Change can be scary and confusing – but it’s a fact of life and business. All work teams will encounter change, which can be as minor as changing a simple process, or as complicated as refocusing the team’s overall mission. Good leaders embrace change and know how to guide their members through it.
Leading through change is something you probably didn’t learn in business school. In the past, the business world (and the world in general) was more stable and change wasn’t as rapid. Today, flux is a reality and as a leader you must embrace change to be successful. Change offers uncertainty, but also opportunity. It’s a good idea to refocus your thinking to view change as a positive so you can help others do the same.
Step 1: Prepare Yourself
As Michael D. Maginn writes in his book, Managing in Times of Change: 24 Lessons for Leading Individuals Through Change, the first step is to help yourself. Leaders need to take a good look at themselves and seek to understand how change affects them.
Leaders should also address their own concerns with their bosses before communicating with their team. Try to anticipate what questions your team members might ask and be prepared with answers.
Step 2: Communicate with Clarity
Once you personally have dealt with the coming change, meet with your team early in the process and have an open discussion with them. Communicating a clear picture of the change, including why the change is necessary, and allowing all team members to ask questions and voice their concerns is the best way change should be communicated.
Understand that some team members might prefer to speak with you individually rather than in the group. This is why it’s important to understand how each of your team members works. People react differently to change, and some might take longer than others to embrace change. Focus your initial efforts on early adopters who can help bring others along.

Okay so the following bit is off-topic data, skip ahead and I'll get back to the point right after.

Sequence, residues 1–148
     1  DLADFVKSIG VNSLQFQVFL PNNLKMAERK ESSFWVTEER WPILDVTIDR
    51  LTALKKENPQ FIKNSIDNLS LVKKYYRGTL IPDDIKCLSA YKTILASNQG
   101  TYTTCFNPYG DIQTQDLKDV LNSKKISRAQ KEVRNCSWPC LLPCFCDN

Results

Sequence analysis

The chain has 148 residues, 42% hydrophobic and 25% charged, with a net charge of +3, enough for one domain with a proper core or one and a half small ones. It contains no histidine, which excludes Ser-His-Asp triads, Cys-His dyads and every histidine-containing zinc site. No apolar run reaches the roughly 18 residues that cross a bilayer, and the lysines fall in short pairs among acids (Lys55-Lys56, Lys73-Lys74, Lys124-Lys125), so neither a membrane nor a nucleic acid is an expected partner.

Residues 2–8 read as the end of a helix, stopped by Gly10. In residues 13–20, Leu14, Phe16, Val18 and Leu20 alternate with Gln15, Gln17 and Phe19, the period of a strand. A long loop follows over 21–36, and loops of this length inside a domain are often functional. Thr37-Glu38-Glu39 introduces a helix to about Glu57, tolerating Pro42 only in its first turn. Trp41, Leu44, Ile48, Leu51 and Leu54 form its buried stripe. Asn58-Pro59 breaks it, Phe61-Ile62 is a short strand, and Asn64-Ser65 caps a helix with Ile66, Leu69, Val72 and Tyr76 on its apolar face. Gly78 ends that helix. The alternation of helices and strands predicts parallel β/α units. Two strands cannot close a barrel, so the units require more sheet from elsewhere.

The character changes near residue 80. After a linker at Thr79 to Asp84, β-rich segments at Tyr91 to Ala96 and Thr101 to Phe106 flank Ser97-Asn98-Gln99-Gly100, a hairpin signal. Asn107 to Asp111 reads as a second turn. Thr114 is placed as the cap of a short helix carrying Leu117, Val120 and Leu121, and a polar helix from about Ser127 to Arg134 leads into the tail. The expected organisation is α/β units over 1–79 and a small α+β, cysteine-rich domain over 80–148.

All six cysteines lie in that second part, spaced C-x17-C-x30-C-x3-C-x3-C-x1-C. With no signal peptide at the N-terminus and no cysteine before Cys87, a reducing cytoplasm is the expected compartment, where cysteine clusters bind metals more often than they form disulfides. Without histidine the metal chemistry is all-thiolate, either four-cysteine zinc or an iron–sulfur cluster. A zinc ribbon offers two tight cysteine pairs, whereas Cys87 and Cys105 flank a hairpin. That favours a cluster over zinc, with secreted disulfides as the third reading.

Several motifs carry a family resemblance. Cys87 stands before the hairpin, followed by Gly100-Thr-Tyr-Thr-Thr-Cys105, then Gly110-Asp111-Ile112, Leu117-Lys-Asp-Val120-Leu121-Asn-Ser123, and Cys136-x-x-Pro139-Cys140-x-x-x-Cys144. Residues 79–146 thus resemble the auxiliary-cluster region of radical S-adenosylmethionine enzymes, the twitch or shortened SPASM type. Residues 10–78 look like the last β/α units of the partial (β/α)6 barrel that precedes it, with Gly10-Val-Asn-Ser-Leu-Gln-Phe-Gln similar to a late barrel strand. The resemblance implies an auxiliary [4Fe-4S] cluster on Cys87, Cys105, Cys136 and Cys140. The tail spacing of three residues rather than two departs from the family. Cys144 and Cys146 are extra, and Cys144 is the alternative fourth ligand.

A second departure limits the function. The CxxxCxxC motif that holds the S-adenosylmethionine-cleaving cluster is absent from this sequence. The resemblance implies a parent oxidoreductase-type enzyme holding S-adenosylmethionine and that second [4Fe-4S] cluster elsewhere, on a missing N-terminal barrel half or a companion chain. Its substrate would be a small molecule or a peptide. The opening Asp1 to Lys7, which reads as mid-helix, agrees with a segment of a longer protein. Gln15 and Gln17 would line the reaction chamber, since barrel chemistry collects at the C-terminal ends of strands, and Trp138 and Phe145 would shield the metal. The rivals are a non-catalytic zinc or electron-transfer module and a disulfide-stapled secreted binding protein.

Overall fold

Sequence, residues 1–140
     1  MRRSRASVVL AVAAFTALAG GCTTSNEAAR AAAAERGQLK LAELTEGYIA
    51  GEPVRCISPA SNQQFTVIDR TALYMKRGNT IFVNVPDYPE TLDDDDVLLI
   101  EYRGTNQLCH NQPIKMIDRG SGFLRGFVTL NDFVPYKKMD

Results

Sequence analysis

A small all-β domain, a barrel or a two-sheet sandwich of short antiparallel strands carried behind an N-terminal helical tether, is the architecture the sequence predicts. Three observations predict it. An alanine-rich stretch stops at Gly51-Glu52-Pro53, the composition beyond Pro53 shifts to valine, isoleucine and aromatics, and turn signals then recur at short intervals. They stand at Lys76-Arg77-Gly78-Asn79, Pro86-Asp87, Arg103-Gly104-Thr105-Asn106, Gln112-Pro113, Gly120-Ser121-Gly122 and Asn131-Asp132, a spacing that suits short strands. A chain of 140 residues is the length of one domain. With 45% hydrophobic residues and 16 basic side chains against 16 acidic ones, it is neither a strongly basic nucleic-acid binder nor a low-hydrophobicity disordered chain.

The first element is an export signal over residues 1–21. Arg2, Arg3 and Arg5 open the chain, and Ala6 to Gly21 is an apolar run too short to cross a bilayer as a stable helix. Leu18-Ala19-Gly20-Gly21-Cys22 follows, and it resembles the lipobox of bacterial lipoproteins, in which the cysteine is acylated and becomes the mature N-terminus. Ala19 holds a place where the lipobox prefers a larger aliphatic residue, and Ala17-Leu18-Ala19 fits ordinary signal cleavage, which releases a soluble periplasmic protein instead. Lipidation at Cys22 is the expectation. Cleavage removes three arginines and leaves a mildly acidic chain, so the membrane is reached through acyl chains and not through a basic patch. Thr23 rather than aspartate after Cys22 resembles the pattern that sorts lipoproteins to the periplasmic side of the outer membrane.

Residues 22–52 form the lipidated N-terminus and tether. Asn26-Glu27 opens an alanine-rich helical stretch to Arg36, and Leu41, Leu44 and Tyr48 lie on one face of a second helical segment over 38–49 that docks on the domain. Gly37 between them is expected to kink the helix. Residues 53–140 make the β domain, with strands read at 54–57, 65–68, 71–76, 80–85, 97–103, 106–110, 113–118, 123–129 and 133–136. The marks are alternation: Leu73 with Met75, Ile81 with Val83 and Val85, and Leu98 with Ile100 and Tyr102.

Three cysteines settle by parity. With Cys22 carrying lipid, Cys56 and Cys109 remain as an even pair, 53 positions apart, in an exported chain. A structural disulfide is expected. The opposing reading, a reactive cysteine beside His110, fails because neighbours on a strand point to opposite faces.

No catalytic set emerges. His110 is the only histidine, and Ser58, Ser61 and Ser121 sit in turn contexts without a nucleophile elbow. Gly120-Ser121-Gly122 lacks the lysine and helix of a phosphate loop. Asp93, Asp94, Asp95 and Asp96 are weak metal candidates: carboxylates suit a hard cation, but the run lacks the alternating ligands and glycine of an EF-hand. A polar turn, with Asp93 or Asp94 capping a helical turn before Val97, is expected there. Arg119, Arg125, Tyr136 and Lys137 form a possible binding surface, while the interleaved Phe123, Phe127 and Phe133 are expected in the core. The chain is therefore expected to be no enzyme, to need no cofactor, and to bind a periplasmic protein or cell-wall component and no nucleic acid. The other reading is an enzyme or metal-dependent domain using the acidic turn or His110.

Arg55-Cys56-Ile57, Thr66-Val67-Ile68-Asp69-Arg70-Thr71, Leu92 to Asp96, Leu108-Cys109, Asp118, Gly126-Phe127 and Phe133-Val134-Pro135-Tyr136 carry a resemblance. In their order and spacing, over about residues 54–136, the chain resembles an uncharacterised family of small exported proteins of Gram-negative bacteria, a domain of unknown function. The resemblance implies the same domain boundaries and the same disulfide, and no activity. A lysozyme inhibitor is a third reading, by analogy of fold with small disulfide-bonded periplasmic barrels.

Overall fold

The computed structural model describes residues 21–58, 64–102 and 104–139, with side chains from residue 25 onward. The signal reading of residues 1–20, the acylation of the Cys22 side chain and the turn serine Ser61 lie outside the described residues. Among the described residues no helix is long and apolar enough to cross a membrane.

Step 3: Tell the Stories
As the leader, being highly visible and accessible to your members during change is critical to successful change management. It’s a good idea to celebrate each and every success and make sure members continue to understand why the change is necessary. Update people along the way, and also share any failures, because your team will likely encounter some. Constants can help people anchor themselves through change, and allowing people to see benefits of the change and how it will affect them can assist in the process.
Another practice worth considering is using storytelling to lead people through change. In her book, Tales for Change: Using Storytelling to Develop People and Organizations, Margaret Parkin talks about how storytelling can help people embrace and work through change. Learn how to become a good storyteller and how to listen to the stories of others.
“The true impact of a leader depends on the story that he or she relates or embodies, and the reception to that story by the organizational audience,” Howard Gardner writes in his book Leading Minds.
The future is sure to demand even more change of businesses and teams. Embrace and prepare for change now, and you will be able to successfully deal with advancements and modifications in business.
If you’re looking for more information about teams, please check out my other team-related posts.
What kind of changes have you found to be most difficult in your work teams? Can you offer any tips to help leaders navigate through change?
Photo Credit: Alex Barth